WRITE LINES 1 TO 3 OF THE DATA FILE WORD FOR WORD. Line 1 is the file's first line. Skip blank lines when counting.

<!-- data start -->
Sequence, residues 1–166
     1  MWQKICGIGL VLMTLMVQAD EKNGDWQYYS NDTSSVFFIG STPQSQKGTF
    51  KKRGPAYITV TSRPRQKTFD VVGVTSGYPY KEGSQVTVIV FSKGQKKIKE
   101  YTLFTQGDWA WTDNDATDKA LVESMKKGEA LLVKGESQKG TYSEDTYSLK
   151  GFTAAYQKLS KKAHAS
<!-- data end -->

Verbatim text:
Sequence, residues 1–166
     1  MWQKICGIGL VLMTLMVQAD EKNGDWQYYS NDTSSVFFIG STPQSQKGTF
    51  KKRGPAYITV TSRPRQKTFD VVGVTSGYPY KEGSQVTVIV FSKGQKKIKE